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Philippe Herreweghe - Schubert: Symphony No. 9 in C, "The Great"

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Schubert: Symphony No. 9 in C, "The Great"

Franz Schubert

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One of the great benefits of performing Classical and Romantic works in period style is the transformation that lean textures, agile rhythms, and fleet tempos can bring to an overly familiar work. Franz Schubert's Symphony No. 9 in C major, "The Great," is a much-loved classic that almost everybody knows in modern guise, with full orchestral sections, rich colors, and stately pacing. So the idea that a worthwhile performance could be transparent and quite brisk, with reduced forces and a more focused ensemble sound, may seem a bit far-fetched. But Philippe Herreweghe and the Royal Flemish Philharmonic have performed the symphony this way for PentaTone Classics, and the hybrid multichannel SACD is an ear-opener. The tempos may be a bit faster than is comfortable (for instance, Herreweghe takes the first movement at Allegro molto vivace, rather than Allegro ma non troppo), and the orchestra seems pared down, with something of the quality of a chamber orchestra, with the woodwinds predominating. But because of the differences of pacing and clearer instrumental timbres, this is a tremendously exciting rendition, and there's no denying the almost palpable energy of the orchestra. One may quibble with historically informed performance practices, but the results are what matter most, and Herreweghe gets the most out of the music through his methods. No one can complain about Schubert's drawn out repetitions or expanded time scale, because these go by quickly at the fast clip, and the full force of Schubert's expressions are felt in the orchestra's immediacy and clarity. This might not be the version of "The Great" that hide-bound traditionalists would accept, but it is one of the most thrilling recordings of this masterpiece available and not to be missed.
© TiVo

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Schubert: Symphony No. 9 in C, "The Great"

Philippe Herreweghe

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Symphony No. 9 in C Major, D. 944 "Great" (Franz Schubert)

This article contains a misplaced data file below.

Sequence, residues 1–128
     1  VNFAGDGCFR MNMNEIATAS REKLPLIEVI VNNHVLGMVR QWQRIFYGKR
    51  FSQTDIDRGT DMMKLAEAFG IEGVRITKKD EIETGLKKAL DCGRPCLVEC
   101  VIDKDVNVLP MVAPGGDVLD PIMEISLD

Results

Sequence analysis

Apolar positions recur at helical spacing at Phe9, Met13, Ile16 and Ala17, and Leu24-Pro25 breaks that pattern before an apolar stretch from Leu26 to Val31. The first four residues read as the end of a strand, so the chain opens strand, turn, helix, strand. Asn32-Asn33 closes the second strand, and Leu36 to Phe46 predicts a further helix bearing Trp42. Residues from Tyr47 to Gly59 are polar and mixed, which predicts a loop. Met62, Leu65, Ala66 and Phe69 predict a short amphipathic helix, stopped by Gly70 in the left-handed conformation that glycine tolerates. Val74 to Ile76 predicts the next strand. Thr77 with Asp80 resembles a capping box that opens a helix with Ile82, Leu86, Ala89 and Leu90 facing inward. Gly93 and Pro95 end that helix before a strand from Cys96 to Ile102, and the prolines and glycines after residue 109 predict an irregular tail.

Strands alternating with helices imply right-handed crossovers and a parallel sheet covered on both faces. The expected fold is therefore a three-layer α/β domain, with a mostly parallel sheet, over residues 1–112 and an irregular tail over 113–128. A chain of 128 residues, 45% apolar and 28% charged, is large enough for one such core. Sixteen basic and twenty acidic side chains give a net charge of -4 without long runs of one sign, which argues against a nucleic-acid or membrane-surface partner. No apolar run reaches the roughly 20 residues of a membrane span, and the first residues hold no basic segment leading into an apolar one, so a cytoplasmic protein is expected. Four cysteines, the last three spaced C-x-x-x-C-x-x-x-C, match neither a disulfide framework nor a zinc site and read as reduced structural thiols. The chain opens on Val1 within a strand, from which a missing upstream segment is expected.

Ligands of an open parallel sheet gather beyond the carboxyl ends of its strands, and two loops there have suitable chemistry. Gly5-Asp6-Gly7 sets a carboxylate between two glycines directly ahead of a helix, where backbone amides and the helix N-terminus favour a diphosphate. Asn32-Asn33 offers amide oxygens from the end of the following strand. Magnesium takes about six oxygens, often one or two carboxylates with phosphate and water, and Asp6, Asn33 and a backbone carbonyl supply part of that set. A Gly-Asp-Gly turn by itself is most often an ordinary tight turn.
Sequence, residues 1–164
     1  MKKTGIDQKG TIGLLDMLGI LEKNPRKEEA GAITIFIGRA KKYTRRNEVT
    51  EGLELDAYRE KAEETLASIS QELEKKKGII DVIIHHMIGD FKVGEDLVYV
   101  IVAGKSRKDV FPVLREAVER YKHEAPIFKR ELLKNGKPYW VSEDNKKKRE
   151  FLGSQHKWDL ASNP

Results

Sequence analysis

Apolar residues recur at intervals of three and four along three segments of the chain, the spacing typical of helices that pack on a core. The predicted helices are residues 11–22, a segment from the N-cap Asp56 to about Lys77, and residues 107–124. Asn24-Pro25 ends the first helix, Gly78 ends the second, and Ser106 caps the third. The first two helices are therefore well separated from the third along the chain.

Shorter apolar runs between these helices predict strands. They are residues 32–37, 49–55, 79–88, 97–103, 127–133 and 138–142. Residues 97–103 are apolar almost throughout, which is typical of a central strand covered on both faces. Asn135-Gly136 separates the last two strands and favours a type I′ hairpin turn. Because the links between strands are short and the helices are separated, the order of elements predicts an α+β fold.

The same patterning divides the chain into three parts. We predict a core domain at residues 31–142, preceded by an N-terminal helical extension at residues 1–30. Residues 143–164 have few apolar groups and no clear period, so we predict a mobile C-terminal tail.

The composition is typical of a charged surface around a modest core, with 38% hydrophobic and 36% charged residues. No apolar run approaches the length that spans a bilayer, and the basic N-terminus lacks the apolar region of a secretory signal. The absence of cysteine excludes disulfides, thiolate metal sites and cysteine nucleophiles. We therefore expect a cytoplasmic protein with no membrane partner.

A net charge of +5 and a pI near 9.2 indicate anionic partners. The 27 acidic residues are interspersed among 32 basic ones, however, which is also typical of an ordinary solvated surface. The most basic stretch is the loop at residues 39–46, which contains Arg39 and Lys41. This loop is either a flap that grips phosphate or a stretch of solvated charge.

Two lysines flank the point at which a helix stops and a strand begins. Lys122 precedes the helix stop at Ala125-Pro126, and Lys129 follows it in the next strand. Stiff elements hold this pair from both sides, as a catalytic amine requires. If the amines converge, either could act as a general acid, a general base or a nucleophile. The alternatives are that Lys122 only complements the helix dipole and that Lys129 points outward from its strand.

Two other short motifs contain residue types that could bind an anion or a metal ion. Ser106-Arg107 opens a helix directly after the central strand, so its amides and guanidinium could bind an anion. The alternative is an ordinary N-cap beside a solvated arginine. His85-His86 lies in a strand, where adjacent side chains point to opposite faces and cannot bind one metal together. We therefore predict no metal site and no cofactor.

1
Symphony No. 9 in C Major, D. 944 "Great": I. Andante - Allegro ma non troppo
00:14:36

Philippe Herreweghe, Conductor - Philippe Herreweghe, Conductor

2011 PentaTone

2
Symphony No. 9 in C Major, D. 944 "Great": II. Andante con moto
00:13:13

Philippe Herreweghe, Conductor - Philippe Herreweghe, Conductor

2011 PentaTone

3
Symphony No. 9 in C Major, D. 944 "Great": III. Scherzo: Allegro vivace
00:14:14

Philippe Herreweghe, Conductor - Philippe Herreweghe, Conductor

2011 PentaTone

4
Symphony No. 9 in C Major, D. 944 "Great": IV. Allegro vivace
00:15:53

Philippe Herreweghe, Conductor - Philippe Herreweghe, Conductor

2011 PentaTone

Descripción del álbum

One of the great benefits of performing Classical and Romantic works in period style is the transformation that lean textures, agile rhythms, and fleet tempos can bring to an overly familiar work. Franz Schubert's Symphony No. 9 in C major, "The Great," is a much-loved classic that almost everybody knows in modern guise, with full orchestral sections, rich colors, and stately pacing. So the idea that a worthwhile performance could be transparent and quite brisk, with reduced forces and a more focused ensemble sound, may seem a bit far-fetched. But Philippe Herreweghe and the Royal Flemish Philharmonic have performed the symphony this way for PentaTone Classics, and the hybrid multichannel SACD is an ear-opener. The tempos may be a bit faster than is comfortable (for instance, Herreweghe takes the first movement at Allegro molto vivace, rather than Allegro ma non troppo), and the orchestra seems pared down, with something of the quality of a chamber orchestra, with the woodwinds predominating. But because of the differences of pacing and clearer instrumental timbres, this is a tremendously exciting rendition, and there's no denying the almost palpable energy of the orchestra. One may quibble with historically informed performance practices, but the results are what matter most, and Herreweghe gets the most out of the music through his methods. No one can complain about Schubert's drawn out repetitions or expanded time scale, because these go by quickly at the fast clip, and the full force of Schubert's expressions are felt in the orchestra's immediacy and clarity. This might not be the version of "The Great" that hide-bound traditionalists would accept, but it is one of the most thrilling recordings of this masterpiece available and not to be missed.
© TiVo

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